Suggestions on the Transformation and Innovation of Food and Farming Education by the Private Sector

Suggestions on the Transformation and Innovation of Food and Farming Education by the Private Sector

LIN SIN-YI(China Productivity Center Agricultural Innovation Department)

I. Introduction

Food and farming education has been one of the important policies of the Council of Agriculture (COA). The “Food and Farming Education Promotion Program” was started in 2017 among schools of all levels, public welfare associations, corporates, and farmers’ organizations, so that these institutions develop food and farming education programs based on their local customs and conditions for a prosperous achievement across the island. Prior to this, there were already a number of private institutions contributing their effort to the food and farming education in diverse programs. Some may have encountered bottlenecks in promotion, while some are still waiting for more opportunities of promotion and transformation. In which direction should we continue to consider this and seek breakthroughs?

II. Suggestions on the Transformation and Innovation of Food and Farming Education

Compared with the initial stage of the promotion of food and farming education, many organizations have developed a fairly mature operation mode and strategies of larger-scales, deeper insight, and higher quality. Some organizations may still stick with the same mode of operation, or feel that it is a hard work and have no ideas on breakthroughs and innovations. Here are some suggestions for your reference. You are welcome to think about your program and consider the possibilities of further development.

1. Comprehensive Planning

The “Food and Farming Education Promotion Program” of COA provides a very good set of guidelines. Taking the 2021 brochure as an example, it provides a "Conceptual Framework for Food and Farming Education." There are three major aspects and six categories and 25 learning units. The three aspects are "Agricultural Production and Environment", "Diet Health and Consumption", and "Diet Life and Culture." Institutions making proposals can refer to these and consider if there are other programs that can be included.

In planning your food and farming education program, the first step is to choose one agricultural product as the theme, and refer to the conceptual framework of food and farming education for the syllabus design. The teaching activities are interlocking. If the theme is sweet potato, the content may involve its growing, the friendly environment, its nutrition, the local food culture, and practical cooking practices. Learners then have a comprehensive understanding of the relevant knowledge of the sweet potato.

Secondly, choice of the theme can be made with food of the season and with local characteristics. Local elements can be incorporated by introducing the production, the dietary culture, and even by field trips to the crop fields and processing plants, for observation and hands-on experience. The local elements and direct personal immersion would make it easier for learners to understand, and also promote local consumption.

The third is the actual cooking practice. The recommendation is for learners to prepare dishes from the original food itself. This is often where the gap lies. With limited teaching hours available, the practice is usually with semi-finished products and neglects the true purpose of the cooking practice, which is for learners to learn how to choose and prepare the food as well as cook it. Even with limited time, teachers can use graphics cards, videos, and demonstration to cover the steps that are not practiced. Any learners, adults or children, need to have practical experience to get impressed with unfamiliar ingredients and cooking methods.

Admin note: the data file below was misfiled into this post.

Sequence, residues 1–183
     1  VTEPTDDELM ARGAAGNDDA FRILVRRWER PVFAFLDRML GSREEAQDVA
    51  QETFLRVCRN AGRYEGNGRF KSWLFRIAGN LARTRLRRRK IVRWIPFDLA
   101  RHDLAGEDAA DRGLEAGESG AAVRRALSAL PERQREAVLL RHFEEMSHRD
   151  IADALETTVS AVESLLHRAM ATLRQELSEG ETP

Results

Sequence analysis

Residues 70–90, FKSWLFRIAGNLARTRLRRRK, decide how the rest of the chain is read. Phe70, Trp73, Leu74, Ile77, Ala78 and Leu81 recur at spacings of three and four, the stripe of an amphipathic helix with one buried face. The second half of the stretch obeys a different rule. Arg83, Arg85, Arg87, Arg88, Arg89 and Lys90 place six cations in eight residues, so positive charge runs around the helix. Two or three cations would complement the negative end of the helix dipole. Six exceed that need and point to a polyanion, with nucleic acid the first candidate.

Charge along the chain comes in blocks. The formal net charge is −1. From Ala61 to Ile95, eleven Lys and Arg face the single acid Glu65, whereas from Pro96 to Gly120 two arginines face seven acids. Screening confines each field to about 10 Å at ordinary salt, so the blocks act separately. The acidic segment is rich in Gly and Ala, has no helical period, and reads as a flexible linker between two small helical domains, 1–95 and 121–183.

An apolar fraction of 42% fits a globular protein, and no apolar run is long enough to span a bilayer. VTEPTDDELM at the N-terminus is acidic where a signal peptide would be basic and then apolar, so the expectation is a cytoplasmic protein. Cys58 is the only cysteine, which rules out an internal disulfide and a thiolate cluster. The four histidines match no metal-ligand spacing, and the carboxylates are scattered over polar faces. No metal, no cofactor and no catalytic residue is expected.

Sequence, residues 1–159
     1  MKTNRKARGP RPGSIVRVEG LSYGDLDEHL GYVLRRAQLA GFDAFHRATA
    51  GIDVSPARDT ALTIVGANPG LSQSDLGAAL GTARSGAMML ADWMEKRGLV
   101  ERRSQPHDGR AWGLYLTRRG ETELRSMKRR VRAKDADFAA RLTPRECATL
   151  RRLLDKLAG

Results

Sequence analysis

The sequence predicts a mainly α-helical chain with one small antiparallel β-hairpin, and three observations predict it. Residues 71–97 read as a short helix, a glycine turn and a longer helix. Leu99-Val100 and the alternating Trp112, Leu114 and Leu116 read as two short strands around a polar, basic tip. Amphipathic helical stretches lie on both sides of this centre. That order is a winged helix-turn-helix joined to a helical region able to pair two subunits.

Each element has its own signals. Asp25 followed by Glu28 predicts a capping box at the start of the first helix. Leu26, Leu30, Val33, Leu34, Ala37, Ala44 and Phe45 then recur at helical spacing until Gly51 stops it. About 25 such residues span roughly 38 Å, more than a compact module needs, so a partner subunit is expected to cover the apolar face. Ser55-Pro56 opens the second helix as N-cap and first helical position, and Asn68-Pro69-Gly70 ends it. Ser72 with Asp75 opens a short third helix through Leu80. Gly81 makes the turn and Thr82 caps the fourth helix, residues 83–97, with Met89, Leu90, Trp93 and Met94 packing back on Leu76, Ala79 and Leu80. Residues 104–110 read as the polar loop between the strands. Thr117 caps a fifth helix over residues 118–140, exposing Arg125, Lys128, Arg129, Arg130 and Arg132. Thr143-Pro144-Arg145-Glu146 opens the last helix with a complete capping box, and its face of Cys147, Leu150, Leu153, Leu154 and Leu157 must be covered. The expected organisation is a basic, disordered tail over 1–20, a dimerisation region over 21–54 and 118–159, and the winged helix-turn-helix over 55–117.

If your current teaching plan already covers the three points above, then you can consider more advanced content, such as scientific agriculture, smart agriculture, global food issues, diverse diet cultures, etc. This will help learners know the trends of modern agriculture and global issues, and by providing information with global thinking, enhance learners' critical thinking and then influence the attitudes of food consumption and dietary habits.

2. Implementation

In addition to comprehensive planning as mentioned above, the following are suggestions on the implementation by institutions in the private sector based on their various conditions and resources available.

(1) Elementary and Secondary Schools

Elementary and secondary schools can plan food and farming courses in themes, such as in school-based courses, student clubs, or general courses for a certain grade or the whole school. This has the advantage that students can have more time for a comprehensive learning experience. It certainly may require more coordination, resources, and time for joint preparation. Another method is to incorporate the theme of food and farming education into the courses of various domains, which is oriented toward the competence indicators of the learning domain. For example, model making of agricultural products can be practiced in art classes, and idioms related to agricultural products can be taught in language classes.

(2) Colleges and universities

Colleges and universities have relatively rich resources, so they can integrate and connect internal and external resources to promote food and farming education. The target may be college students, community residents, and even elementary school students or senior citizens. Digital and multimedia teaching materials can be developed as a novel and motivating approach of promotion. College students are the main consumer group in the future, but they generally lack knowledge in food and farming education. As many college students are fast food junkies, a possible approach to food and farming education can be encouraging them to share cooking and dining to get involved in related discussion.

(3) Farmers' associations, communities, and agricultural enterprises

The promotion of food and farming education in farmers' associations, communities, and agricultural enterprises has a common feature. That is, they all have consumers as the main target of promotion. Consumers, however, fall into different categories, so the target setting must be very clear. For example, is the goal set on promoting local products to consumers from other places, on reactivating local industries to increase employment opportunities, or on enhancing services to local residents? Maybe the goals are three-folded, or maybe there is only one of them. The important thing is to determine the goals and the targets as the strategies taken vary with the goals and targets. To achieve the aforementioned goals, local industries should be integrated in the promotion of food and farming education so as to achieve the effect of linkage, diffusion and shared benefits.